This 2013 work is called ‘A Reversed Retrogress: Scene 1 (The Purple Shall Govern)’. Sibande cast these figures from her body. The one in Victorian dress, called Sophie, refers to her mother, grandmother and great-grandmother, who were maids in white South African households. The second figure, in purple, represents Sibande herself.

The Purple Shall Govern relates to the statement ‘the people shall govern’, from the 1955 Freedom Charter and post-apartheid constitution. It also refers to the Purple Rain Protests of 1989, when protesters captured the police water cannon being used to spray them with purple dye and turned it on their assailants. Over the following days the slogan ‘the purple shall govern’ was painted on walls around Cape Town. Although a tension remains, Sibande is saying goodbye to Sophie, her past, and confronting the ‘purple’ present and future.

See this incredible work in our #SouthAfricanArt exhibition, which is now open! (See the link in our bio for tickets)

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Mary Sibande (b. 1982), A Reversed Retrogress: Scene 1 (The Purple Shall Govern). Mixed media, 2013. © Mary Sibande. Courtesy of the artist and Gallery MOMO. 
#modernart #MarySibande #purple #SouthAfrica #BritishMuseum #exhibition Here @edoardofanfani captures the youthful look and friendly expression of this statue of Amenhotep III. The colossal limestone statue originally stood with hundreds of others in the temple of Amenhotep III, which was on the west bank of the River Nile near the ancient city of Thebes.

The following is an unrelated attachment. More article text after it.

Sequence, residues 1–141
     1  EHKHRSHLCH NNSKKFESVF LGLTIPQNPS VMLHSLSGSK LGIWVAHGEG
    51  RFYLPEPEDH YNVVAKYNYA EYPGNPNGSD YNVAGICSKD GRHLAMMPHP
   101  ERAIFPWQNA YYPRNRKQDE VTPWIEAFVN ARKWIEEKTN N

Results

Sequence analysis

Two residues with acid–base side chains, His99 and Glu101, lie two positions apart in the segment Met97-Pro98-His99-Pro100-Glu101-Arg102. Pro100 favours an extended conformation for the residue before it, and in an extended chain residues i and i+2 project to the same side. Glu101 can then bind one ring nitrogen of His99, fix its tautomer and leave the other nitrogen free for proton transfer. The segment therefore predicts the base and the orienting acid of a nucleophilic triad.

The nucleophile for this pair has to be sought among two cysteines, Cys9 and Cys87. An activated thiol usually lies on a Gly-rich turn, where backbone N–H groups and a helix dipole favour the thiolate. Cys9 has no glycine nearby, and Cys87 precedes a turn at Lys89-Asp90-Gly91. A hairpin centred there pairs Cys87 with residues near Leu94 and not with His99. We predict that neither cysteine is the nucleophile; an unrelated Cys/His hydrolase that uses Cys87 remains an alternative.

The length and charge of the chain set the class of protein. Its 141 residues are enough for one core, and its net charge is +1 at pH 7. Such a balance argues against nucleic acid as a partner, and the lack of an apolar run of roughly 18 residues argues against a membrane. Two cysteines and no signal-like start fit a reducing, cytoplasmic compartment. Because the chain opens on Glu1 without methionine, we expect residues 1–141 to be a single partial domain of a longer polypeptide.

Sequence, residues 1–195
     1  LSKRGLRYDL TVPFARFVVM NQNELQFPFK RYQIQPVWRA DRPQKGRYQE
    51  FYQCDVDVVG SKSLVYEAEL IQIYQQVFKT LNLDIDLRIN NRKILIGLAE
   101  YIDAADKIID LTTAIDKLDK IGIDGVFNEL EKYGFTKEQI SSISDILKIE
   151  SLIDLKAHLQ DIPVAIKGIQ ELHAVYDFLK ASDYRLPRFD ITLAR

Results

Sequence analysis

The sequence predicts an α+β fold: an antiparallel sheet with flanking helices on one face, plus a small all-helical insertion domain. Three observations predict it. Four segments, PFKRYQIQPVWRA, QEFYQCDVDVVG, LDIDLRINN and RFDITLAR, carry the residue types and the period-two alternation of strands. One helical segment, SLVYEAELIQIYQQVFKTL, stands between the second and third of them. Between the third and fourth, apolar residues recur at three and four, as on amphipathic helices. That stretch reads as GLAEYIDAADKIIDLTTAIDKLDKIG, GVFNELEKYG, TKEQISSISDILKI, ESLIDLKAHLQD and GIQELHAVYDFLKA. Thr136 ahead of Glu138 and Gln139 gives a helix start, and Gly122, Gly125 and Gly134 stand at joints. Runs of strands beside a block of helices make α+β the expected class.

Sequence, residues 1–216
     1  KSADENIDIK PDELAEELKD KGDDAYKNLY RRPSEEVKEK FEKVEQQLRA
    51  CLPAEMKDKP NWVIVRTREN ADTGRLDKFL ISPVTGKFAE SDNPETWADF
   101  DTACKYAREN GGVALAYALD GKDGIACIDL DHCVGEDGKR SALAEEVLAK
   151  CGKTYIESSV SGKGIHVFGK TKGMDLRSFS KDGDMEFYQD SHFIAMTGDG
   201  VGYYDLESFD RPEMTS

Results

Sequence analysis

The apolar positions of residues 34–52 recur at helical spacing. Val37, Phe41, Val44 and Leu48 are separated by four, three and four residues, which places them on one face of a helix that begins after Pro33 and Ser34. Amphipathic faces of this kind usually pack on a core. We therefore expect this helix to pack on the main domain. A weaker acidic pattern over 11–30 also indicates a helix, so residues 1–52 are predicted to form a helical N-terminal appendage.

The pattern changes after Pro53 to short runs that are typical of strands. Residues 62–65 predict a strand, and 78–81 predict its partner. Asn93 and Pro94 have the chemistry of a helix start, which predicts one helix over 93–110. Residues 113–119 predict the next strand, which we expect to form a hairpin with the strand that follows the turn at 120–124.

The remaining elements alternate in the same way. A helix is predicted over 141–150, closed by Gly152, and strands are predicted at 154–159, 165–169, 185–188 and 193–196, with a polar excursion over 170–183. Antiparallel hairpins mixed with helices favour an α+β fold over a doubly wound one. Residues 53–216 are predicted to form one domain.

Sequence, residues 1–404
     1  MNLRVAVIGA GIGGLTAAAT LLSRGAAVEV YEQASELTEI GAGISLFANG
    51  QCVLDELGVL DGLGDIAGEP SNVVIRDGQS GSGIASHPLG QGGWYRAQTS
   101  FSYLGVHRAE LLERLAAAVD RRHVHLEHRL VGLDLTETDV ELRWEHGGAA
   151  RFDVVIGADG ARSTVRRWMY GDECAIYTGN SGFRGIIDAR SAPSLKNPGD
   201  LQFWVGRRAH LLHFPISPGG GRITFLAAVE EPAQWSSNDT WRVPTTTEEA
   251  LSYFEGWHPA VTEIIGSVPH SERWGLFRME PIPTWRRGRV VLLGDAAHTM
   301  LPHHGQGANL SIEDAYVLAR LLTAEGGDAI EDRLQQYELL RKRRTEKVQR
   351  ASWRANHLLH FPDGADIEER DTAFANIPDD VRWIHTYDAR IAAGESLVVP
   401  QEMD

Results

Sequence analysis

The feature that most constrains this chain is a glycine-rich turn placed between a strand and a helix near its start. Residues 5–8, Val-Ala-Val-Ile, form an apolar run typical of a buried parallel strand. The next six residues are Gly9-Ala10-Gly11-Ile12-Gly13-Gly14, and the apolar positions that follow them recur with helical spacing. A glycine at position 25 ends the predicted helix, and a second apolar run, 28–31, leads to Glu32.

Statues depicting the pharaoh often show him with his eyes appearing to look down on the viewer, and a slight smile emerging from his lips. He is wearing heavy makeup, with sweeping eyeliner that nearly touches the temples, and stylised eyebrows. Share your photos with us using #myBritishMuseum 
#AncientEgypt #Sculpture #Statue #Pharaoh #Egypt #eyebrowsonfleek This great photo by @comertcomi shows one of ancient Egypt’s most highly respected animals. Cats were associated with the goddess Bastet and she is often represented as a domestic cat. This statue is a particularly fine example, with gold rings and silver decoration. The collar also contains a silver wedjat-eye and sun-disk which are protective symbols. It also has a scarab on its head – scarabs were associated with rebirth in ancient Egypt. The eyes were perhaps originally inlaid with glass or stones. 
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#AncientEgypt #Sculpture #Statue #Cat #Egypt #🐱 #catsofinstagram #regram #repost This week we’re focusing on Egyptian statues and sculpture at the Museum. This great shot by @sisterofpopculture shows the majestic statue of Ramesses II. Made of pink and grey granite, the sculptor has skilfully used the natural colours in the stone to suggest the difference between the face and body. 
This colossal statue was originally part of a pair that stood outside the Ramesseum (the pharaoh’s huge memorial temple). He is also known as ‘Ramesses the Great’ – he ruled for 66 years and his influence reached to the furthest corners of the realm. 
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#AncientEgypt #Sculpture #Statue #Pharaoh #Egypt #regram Opening in March 2017, our #AmericanDream exhibition presents the Museum’s outstanding collection of modern and contemporary American prints for the first time. These will be shown with important works from museums and private collections around the world.

From Andy Warhol, Jasper Johns and Robert Rauschenberg to Ed Ruscha, Kara Walker and Julie Mehretu – all boldly experimented with printmaking.  With over 200 works by almost 70 artists, trace the creative momentum of a superpower across six decades. Click the link in our bio to book your tickets now! 
Edward Ruscha (b. 1937), Made in California. Colour lithograph, 1971. © Ed Ruscha. Reproduced by permission of the artist.